UBC Theses and Dissertations

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UBC Theses and Dissertations

Computer-aided formula optimization Vázquez Benítez, María Cecilia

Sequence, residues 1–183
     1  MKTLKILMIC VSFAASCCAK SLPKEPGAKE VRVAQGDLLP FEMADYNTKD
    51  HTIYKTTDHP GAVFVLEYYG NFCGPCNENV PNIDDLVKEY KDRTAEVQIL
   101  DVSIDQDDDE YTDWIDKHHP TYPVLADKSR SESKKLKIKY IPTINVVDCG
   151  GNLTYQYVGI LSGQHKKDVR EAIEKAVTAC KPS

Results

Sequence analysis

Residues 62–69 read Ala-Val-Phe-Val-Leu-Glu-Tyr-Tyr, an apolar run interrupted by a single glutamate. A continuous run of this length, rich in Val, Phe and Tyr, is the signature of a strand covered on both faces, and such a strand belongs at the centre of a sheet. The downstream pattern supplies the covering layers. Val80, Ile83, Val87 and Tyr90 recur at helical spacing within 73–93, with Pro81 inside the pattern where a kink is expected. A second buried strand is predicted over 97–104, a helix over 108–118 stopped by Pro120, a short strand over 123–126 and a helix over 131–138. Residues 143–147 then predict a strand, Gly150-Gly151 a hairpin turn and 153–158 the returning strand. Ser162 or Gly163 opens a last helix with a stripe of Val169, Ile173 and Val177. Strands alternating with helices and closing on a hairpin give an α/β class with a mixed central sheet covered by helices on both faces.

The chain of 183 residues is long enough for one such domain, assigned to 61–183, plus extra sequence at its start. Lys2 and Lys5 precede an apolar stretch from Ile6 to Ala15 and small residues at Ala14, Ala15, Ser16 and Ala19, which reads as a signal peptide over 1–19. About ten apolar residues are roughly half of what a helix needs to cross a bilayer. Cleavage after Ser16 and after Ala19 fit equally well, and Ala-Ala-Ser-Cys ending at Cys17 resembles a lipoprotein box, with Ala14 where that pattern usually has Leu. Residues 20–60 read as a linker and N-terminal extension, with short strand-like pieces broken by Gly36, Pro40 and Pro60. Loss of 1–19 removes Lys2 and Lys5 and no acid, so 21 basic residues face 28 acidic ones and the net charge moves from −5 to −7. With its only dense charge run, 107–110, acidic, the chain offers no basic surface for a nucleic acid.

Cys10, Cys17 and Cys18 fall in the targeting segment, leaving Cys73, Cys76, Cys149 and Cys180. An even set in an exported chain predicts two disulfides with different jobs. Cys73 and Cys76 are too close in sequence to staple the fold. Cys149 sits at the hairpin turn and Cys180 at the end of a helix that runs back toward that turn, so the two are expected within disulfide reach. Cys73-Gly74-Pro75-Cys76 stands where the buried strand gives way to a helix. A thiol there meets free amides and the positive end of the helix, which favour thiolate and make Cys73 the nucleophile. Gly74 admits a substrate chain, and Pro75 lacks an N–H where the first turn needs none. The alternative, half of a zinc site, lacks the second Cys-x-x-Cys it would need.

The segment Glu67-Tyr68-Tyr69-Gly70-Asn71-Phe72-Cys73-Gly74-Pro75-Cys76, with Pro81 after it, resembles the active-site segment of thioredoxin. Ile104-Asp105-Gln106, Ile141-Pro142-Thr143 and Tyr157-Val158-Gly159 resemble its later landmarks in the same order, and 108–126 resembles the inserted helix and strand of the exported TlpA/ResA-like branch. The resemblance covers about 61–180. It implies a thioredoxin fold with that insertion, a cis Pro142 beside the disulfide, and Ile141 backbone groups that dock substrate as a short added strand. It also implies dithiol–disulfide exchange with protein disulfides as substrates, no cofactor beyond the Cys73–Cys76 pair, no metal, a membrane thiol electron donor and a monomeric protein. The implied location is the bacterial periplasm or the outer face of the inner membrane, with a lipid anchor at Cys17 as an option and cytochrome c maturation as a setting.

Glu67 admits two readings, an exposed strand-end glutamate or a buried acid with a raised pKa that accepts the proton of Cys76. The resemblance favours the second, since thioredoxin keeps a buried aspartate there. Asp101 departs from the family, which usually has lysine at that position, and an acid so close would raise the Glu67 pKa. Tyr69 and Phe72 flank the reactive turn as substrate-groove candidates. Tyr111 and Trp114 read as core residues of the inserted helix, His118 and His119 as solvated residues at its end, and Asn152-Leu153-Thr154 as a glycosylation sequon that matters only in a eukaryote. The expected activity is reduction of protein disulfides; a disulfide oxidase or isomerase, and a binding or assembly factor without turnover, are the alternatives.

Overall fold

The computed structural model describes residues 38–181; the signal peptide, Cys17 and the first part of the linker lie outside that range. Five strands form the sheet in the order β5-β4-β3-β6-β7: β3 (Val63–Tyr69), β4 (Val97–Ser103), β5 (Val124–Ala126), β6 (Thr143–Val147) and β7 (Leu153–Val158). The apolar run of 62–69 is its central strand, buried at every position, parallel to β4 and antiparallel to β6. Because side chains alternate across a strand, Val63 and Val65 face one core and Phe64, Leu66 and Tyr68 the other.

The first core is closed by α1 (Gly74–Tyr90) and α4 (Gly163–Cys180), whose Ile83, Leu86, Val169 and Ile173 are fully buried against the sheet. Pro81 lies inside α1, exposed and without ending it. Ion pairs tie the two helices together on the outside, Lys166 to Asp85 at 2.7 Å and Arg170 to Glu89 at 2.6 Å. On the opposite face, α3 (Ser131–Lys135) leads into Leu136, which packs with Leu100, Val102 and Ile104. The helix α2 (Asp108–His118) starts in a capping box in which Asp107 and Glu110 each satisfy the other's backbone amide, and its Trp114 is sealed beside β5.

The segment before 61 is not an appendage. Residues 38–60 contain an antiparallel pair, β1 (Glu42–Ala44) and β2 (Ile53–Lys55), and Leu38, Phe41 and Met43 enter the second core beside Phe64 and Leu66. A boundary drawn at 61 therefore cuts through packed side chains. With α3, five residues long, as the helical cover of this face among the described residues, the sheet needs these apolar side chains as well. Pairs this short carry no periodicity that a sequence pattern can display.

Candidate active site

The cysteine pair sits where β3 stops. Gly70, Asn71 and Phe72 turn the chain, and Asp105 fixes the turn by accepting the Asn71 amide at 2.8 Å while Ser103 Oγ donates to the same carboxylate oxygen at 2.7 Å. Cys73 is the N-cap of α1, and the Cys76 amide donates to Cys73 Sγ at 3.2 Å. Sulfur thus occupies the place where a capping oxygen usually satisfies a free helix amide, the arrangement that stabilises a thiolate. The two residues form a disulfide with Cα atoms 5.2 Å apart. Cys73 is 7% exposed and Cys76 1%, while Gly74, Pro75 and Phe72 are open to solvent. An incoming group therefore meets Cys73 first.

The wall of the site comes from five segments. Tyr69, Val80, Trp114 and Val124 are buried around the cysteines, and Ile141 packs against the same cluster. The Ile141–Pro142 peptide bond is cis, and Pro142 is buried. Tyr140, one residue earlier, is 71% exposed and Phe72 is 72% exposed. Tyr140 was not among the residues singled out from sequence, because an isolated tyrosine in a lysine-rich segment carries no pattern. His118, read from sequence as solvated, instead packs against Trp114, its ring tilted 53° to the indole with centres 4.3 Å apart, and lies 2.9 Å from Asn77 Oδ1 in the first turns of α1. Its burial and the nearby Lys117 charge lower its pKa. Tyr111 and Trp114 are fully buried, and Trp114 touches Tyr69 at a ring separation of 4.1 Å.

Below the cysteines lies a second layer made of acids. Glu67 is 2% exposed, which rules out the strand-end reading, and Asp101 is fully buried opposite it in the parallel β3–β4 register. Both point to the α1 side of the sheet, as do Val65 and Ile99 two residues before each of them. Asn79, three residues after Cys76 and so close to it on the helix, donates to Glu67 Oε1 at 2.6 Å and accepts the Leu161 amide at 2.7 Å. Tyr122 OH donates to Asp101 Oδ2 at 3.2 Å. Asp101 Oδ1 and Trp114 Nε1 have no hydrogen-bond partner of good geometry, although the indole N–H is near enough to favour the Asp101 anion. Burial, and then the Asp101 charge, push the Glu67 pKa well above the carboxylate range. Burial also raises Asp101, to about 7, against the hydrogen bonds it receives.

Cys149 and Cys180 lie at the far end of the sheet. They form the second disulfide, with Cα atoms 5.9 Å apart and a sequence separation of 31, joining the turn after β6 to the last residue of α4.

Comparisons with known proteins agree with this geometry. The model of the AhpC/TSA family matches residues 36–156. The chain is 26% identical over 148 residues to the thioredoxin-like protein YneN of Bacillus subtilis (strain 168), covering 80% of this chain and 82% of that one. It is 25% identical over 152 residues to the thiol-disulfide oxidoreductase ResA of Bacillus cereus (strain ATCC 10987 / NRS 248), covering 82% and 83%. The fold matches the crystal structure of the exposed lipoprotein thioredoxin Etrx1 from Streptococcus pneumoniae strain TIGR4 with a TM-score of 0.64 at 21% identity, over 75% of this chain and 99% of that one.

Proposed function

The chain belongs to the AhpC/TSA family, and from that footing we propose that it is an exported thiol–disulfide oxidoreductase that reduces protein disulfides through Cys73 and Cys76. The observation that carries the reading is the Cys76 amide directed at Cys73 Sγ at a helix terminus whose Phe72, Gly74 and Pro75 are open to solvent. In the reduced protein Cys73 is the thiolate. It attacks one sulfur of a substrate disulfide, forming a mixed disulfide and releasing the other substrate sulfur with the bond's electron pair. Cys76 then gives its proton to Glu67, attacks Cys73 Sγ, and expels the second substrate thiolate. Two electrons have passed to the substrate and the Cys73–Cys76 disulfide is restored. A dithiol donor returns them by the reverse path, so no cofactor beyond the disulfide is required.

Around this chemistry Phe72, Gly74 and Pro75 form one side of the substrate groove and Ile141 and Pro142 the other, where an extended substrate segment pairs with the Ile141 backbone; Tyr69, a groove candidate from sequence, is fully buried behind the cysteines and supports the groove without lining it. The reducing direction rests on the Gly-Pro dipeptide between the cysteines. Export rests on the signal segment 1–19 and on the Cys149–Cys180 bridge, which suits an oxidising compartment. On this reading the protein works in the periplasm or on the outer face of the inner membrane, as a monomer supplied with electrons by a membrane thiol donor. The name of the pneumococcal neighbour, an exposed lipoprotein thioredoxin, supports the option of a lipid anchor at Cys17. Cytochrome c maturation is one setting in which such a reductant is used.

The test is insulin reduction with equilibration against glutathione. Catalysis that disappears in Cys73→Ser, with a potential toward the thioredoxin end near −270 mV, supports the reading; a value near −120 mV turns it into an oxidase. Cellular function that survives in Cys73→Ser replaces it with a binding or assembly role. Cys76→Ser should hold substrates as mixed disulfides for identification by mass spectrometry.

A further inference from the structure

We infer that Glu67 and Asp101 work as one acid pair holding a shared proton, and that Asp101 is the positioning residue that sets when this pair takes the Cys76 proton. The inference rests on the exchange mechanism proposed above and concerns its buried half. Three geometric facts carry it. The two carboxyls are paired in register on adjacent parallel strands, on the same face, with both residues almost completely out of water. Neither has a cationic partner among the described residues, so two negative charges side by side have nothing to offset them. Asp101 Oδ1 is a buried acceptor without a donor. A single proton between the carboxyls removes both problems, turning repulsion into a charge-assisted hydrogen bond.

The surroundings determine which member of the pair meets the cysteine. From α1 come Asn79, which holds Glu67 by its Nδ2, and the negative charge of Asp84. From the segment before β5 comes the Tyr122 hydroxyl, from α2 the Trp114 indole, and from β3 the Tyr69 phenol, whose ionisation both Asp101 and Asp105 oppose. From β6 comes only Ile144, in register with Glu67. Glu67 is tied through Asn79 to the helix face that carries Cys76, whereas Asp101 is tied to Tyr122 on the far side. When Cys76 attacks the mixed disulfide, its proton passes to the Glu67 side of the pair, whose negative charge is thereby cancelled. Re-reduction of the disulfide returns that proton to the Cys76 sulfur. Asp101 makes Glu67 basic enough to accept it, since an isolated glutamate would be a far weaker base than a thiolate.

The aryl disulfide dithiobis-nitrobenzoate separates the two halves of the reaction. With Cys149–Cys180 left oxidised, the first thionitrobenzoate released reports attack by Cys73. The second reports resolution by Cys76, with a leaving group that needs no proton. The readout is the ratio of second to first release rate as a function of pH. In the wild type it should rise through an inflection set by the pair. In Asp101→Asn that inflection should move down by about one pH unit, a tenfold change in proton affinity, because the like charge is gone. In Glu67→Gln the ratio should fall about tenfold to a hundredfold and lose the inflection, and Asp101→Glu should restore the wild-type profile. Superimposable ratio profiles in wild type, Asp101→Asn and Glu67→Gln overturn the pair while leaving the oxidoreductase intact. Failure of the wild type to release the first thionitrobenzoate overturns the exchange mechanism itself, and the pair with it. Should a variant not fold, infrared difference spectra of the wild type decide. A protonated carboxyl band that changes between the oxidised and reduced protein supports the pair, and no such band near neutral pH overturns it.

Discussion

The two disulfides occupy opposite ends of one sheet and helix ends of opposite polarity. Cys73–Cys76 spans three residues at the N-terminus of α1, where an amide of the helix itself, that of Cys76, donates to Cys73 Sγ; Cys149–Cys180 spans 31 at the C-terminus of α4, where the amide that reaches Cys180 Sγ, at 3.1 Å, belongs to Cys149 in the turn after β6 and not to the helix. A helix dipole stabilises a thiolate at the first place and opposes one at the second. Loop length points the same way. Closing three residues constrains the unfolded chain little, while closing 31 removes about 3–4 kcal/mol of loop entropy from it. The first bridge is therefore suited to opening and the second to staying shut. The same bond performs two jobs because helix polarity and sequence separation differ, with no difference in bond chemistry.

The purpose of this research project was to establish a formula optimization computer program to be used for quality control in the meat processing industry. In contrast to linear programming, such a program would search for the best quality formulations that meet predetermined product specifications within allowable cost ranges. Since quality as a function of the ingredients has been found to be explained better by nonlinear equations, the program had to be able to handle nonlinear equations as objective functions as well as constraints to make it an effective formula optimization method. The first part of the study established the IBM BASIC formula optimization computer program (FORPLEX). The FORPLEX is based on the modified version of the Complex method of Box. The FORPLEX was found to be effective in the optimization of nonlinear objective function problems that were linearly constrained, making it suitable for formula optimization purposes. The second part of this study involved the development of statistically significant quality prediction equations for a 3-ingredient model frankfurter formulation. The three ingredients were: pork fat, mechanically deboned poultry meat and beef meat. Ingredient-quality equations were generated through mixture experimentation. Specific quality parameters were evaluated at observation points given by an extreme vertices design. Scheffe's canonical special cubic model for three components was fitted to the experimental data using multiple regression analysis. The statistical validity of the equations for prediction purposes was assessed by analysis of variance, adjusted multiple coefficient of determination, standard error of the estimate and analysis of residuals. Fourteen of 17 regression models developed were considered adequate to be used for prediction purposes. In order to have a better understanding of the relationship between ingredient proportions and the quality parameters, three different techniques were used: (a) response surface contour analysis, (b) correlation analysis and (c) scatterplot matrices analysis. The third part of this study consisted of the computational optimization of frankfurter formulations using the FORPLEX program. Several frankfurter formulation optimization trials were performed. In each trial, different combinations of quality parameters were considered measures of the formulations' quality. Target quality values were either selected based on a target formulation or were individually selected. In both cases the FORPLEX was able to find best quality formulations that met the constraints imposed on them. Differences between predicted and target quality values existed in all the computed optimum formulations when the target values were individually selected. Differences existed because it was difficult for the formulations to meet all the target quality values. Target quality values should be selected carefully since failure to obtain formulations that meet the target quality as closely as possible lay not with the performance of the FORPLEX but with the selection of the target quality values. Five optimum formulations found by FORPLEX were compared with seven least-cost formulations which were found by increasing the lower limit of the fat binding constraint. The predicted quality of each FORPLEX optimum formulation was close to its respective target quality. The least-cost formulations showed, in general, considerable departure from the target quality values set in the FORPLEX formulations. The adequacy of the models for predicting the quality of frankfurter formulations could not be evaluated since the meat ingredients had been stored frozen for 6 months. The models did not account for the effect of extended frozen storage on the quality of the formulations. Results of this study indicated that formula optimization based on the Complex method (FORPLEX) is the more suitable technique for food formulation. The FORPLEX may be able to replace linear programming computer programs currently being used in the processed meat industry.

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